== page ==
It’s a small point that could be overlooked. After all, making sure that a cooler full of bottled water is nearby often tends to be low on the priority chain when such big-ticket items such as caterers, dresses and rings have been pored over endlessly.
But it can make a huge difference. Anderson found herself at another, 100-plus degree wedding in North Dakota this past summer, which was set in a village resembling the Old West. And the 100-year-old hotels, relocated to this kitschy entertainment park, didn't come with air conditioning.
"The wedding really suffered because of that," Anderson says. "It was ungodly hot in that building."
To make matters worse, the bartenders, intentionally or not, had some of that Old West attitude when guests asked for waters. So Anderson sent an assistant out to grab a bunch of cold bottles of water from a gas station several miles from the ceremony. An even better solution would be to appoint a member of the wedding party to be “on call” in situations like this. That way, the photography team can continue to focus on the job at hand.
In addition to drinking water, Anderson has also been at weddings with water misters that emit a fine refreshing spray of water onto anyone walking past it. Those turned out to be a hit with the guests.
The moral to these stories? "You should think ahead and plan for the day to be extremely hot, even if it doesn't end up that way," Anderson says.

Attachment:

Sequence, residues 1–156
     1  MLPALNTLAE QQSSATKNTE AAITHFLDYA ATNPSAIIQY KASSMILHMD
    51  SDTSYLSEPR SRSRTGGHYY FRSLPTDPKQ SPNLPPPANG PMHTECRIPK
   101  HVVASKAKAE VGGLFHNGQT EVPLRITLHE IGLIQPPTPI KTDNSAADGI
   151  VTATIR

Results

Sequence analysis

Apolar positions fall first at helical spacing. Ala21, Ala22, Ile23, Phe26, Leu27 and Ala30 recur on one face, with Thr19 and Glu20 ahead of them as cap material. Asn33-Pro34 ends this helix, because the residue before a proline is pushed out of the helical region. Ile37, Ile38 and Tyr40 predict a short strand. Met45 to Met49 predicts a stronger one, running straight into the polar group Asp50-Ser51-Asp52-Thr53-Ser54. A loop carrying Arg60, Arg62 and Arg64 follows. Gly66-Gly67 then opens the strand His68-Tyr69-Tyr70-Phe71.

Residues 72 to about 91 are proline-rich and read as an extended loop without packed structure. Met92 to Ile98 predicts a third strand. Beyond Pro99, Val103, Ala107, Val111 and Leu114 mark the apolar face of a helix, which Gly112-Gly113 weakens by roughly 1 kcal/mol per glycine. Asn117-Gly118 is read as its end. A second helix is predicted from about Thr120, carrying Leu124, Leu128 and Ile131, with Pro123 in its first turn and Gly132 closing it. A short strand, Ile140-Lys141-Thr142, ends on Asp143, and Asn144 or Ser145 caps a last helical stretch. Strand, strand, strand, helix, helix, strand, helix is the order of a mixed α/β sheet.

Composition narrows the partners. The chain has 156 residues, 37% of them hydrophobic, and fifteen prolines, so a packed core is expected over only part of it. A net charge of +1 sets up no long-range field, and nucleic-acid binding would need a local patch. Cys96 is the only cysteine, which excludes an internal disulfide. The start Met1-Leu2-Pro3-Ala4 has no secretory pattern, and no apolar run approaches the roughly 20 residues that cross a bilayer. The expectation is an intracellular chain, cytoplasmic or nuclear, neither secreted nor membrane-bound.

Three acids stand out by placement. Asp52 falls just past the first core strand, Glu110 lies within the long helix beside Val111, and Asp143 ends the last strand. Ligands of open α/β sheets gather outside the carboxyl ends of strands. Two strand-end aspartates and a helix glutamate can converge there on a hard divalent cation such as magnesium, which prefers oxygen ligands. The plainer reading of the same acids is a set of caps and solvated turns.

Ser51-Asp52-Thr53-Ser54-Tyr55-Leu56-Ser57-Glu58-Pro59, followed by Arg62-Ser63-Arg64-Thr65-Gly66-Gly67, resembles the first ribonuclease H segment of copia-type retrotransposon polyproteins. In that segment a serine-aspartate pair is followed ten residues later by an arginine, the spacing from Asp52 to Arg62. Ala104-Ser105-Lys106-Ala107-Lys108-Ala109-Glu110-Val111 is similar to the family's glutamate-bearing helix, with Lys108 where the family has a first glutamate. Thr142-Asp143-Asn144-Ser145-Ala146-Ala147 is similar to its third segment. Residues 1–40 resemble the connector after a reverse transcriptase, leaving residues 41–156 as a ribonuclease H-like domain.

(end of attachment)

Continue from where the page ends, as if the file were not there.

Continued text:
Besides the heat, the light of the sun beating down can also wreak some havoc at a wedding if you are not prepared with providing shady areas for guests to cool down. Often, it's in the form of a tent.
Evrim Icoz, a WPJA award winner from Oregon, has also said that some classy umbrellas can do the trick, as they help to ensure that guests aren't holding their hands or programs over their eyes during the ceremony.
In fact, many venues may offer either umbrellas or tents to lend to guests. In one case, he saw a vineyard hosting a wedding buy a set of umbrellas from the wedding party after the event was over, since they worked out so well.
One wedding that Icoz documented, held at another vineyard, had only one shady spot that was taken up by the stationary videographer. That normally wouldn’t have been a problem, since Icoz tends to keep moving while taking photos, allowing him to duck into various areas of shade for occasional relief.
However, this setup offered none. "Usually, with outdoor weddings, you have free reign to move around so you can pick your battles," Icoz says. "But this was under the blistering sun. If it went another 20 minutes, there may have been a problem."
However, the desert heat of Las Vegas didn’t keep Icoz from capturing an award-winning wedding shot while trailing a couple as they made their way past the pool at the Bellagio Hotel and Casino. When the betrothed passed some unsuspecting sunbathers, he pulled back and caught the intriguing contrast between the elegantly dressed pair and the tourists in their bathing suits.